Russell T. Davies’ new near-future family drama gives us diverse people to relate to and pretty much everything to worry about.
This Years and Years Episode 1 recap contains spoilers.
Russell T. Davies is the writer behind Years and Years, the edgy new BBC/HBO drama, in which he has taken samples from all kinds of demographics and squished them all together into one family. I know I complained when something similar was done in Collateral last year, but I must say this new show does it a little more effectively: they are not simply caricatures but each has genuine parts to play in the story of their family.
In essence, that’s what Years and Years is: a modern family drama. It starts this year, and covers the next fifteen years or so over six episodes, following a jump of five years partway through this opening episode. Because of the near-future setting, there is a good deal of speculation in terms of technological development, politics and social nuances (some more a stretch than others). Many of those changes are in the background to the story (this is a family drama after all, not a sci-fi), not a key part of the plot itself; so the focus of the writing is on the way the family members respond to the world they’re in, and the impact political uncertainty and modern technology has on them. This is essentially where Years and Years differs from Black Mirror (though the comparison is understandable): it’s about the people more than the tech.
But it’s also about a complete and utter lack of hope, or at least that’s what I get from episode one. Right at the beginning, when a new baby is born to Rosie (Ruth Madeley), there is a debate – nay soliloquy! – about the wisdom of bringing a child into the world. Rosie’s brother Daniel (Russell Tovey, Humans) lists all the things to be scared of, from corporations to America… and then we fast forward through the family highlights to 2024, only to find out the world is still in a bad state: Trump is nearing the end of his second term, refugees from Ukraine are “flooding into” the UK and things are getting heated between the USA and China. Technological changes include widespread use of an Alexa-style device in the home, as well as a family robot (sometimes used for less family-friendly purposes), and Instagram-style filters available for real-life interactions.
Those latter two lead to interesting sub-plots… indeed most of the family have little strands of their own to follow: Bethany (Lydia West) doesn’t feel comfortable in her body; Rosie has a date with Tony (Noel Sullivan from Hear’Say!); Daniel is drawn away from his husband to a fling with one of the refugees, etc. All these people are held together by grandmother Muriel (Anne Reid, Coronation Street, Hot Fuzz, etc.), who keeps up with social media technology but doesn’t always fit with social feelings. And all these plot strands fade into insignificance when the sense of doom becomes real in the final fifteen minutes of the episode.
And oh, that conclusion was tense! An emergency broadcast on the TV coincides with a phone call from Edith (Jessica Hynes, Spaced) the sister who had not been seen for years as she works overseas in crisis situations. As the phone call breaks down, everything breaks down… you should really see it, rather than reading here what happens; suffice it to say that the first three-quarters of the show, which felt like a slightly-edgy-slightly-humorous soap opera, suddenly changed and had me near tears in fear. Granted, it was an emotionally manipulative cliffhanger, with thumping music from Murray Gold blanketing all the cheers and screams, then one of the siblings asking “what’s going to happen now? What’s going to happen now?”… but it worked, very well. I would have happily watched the next episode straight away, but I’ll be setting a reminder for next week instead.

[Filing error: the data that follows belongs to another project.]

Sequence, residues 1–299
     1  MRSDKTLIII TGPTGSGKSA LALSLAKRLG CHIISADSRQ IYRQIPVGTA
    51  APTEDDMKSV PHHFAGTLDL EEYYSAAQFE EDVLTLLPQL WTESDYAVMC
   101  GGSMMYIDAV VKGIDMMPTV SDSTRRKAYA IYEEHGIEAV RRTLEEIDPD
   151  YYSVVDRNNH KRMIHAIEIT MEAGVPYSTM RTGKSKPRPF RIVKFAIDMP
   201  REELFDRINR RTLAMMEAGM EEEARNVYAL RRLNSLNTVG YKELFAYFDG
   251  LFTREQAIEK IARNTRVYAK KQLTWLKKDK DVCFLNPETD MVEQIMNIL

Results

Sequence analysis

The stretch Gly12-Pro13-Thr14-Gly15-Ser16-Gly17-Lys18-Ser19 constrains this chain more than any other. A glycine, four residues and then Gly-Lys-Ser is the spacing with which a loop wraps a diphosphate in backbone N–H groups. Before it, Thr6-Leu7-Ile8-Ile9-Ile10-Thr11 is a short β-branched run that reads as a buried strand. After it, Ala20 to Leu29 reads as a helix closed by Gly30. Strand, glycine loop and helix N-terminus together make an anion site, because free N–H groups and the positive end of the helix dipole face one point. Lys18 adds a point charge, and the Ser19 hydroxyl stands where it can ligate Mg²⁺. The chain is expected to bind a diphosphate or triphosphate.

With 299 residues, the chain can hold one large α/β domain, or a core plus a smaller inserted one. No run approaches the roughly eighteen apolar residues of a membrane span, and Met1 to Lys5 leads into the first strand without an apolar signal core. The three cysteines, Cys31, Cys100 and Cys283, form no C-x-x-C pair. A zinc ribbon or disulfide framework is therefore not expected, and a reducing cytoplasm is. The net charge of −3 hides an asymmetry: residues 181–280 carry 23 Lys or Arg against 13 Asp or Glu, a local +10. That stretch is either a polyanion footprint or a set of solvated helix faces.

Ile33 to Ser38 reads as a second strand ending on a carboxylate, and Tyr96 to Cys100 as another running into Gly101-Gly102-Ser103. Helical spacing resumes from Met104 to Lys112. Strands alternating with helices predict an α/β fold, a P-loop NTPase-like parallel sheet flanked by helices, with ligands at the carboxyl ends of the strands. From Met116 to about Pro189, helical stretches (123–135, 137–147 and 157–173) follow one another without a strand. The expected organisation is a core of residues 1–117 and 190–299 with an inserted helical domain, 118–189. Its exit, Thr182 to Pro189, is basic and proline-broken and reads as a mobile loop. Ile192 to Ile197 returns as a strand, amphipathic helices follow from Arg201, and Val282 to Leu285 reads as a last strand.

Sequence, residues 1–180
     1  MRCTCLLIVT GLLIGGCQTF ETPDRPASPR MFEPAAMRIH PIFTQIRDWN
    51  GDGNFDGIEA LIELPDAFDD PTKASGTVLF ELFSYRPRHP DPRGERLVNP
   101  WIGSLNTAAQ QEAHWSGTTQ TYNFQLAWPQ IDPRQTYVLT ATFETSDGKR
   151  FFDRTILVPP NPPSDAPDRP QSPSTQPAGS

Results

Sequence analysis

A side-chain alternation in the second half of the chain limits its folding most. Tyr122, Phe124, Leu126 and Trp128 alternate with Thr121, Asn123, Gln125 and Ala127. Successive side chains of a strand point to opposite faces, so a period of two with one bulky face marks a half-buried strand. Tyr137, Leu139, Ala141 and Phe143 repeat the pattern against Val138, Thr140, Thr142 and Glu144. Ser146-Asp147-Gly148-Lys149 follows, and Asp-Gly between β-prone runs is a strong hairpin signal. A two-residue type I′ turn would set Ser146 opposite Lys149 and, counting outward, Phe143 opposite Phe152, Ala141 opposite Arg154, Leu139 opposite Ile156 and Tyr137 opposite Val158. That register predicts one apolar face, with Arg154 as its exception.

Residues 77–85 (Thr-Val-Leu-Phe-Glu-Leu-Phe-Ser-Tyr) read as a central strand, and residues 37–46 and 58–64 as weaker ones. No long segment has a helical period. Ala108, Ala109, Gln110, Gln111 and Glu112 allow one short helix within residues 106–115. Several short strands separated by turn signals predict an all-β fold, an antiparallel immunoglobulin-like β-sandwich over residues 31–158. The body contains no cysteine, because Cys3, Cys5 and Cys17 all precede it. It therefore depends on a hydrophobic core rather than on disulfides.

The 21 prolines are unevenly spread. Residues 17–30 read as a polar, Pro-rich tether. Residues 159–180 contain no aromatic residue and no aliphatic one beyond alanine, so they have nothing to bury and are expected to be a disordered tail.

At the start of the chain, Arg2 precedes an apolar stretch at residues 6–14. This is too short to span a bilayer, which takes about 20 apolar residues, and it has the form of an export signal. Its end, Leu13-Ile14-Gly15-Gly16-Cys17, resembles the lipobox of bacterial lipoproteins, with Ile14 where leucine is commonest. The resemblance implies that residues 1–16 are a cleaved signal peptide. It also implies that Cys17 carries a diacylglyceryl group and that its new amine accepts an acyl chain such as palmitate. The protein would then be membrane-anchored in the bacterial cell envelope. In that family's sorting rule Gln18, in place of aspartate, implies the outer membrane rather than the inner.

You may have heard Emma Thompson (The Children Act, etc.) is in Years and Years, and yes, though she is not part of this family I’ve focused on. In Years and Years Episode 1, her character, Vivienne Rook, is a political commentator, though not strictly a politician at first… think Boris Johnson’s political start. Apparently, her character was inspired by Nigel Farage, Donald Trump and others who started in the private sector and then went into politics as people’s representatives. It’s difficult to know how her rise is going to fit with the family story – perhaps one of the siblings is going to become a member of her fledgling “Four Star Party” – but she’s certainly a well observed and interesting character.
Overall, Years and Years has had a thought-provoking and entertaining start. What makes it really the stuff of canteen conversations will be the overall tone of the show: we may not know how realistic the future is, as presented, but it certainly feels real; not least because it’s cannily written with little touches of the world we know (Trump as president, the passing of Doris Day in the news). One viewer even mentioned on Twitter that he struggled to see the join between the end of this show and the News at Ten, which is very telling. I think it helped that there was not much humor (though a couple of scenes were clearly there to lighten the mood): it is speculative drama, rather than outright satire. Fascinating stuff: I’m going to keep watching.
Alix has been writing for Ready Steady Cut since November 2017. They cover a wide variety, including genre festivals, and especially appreciates wit and representation on screen.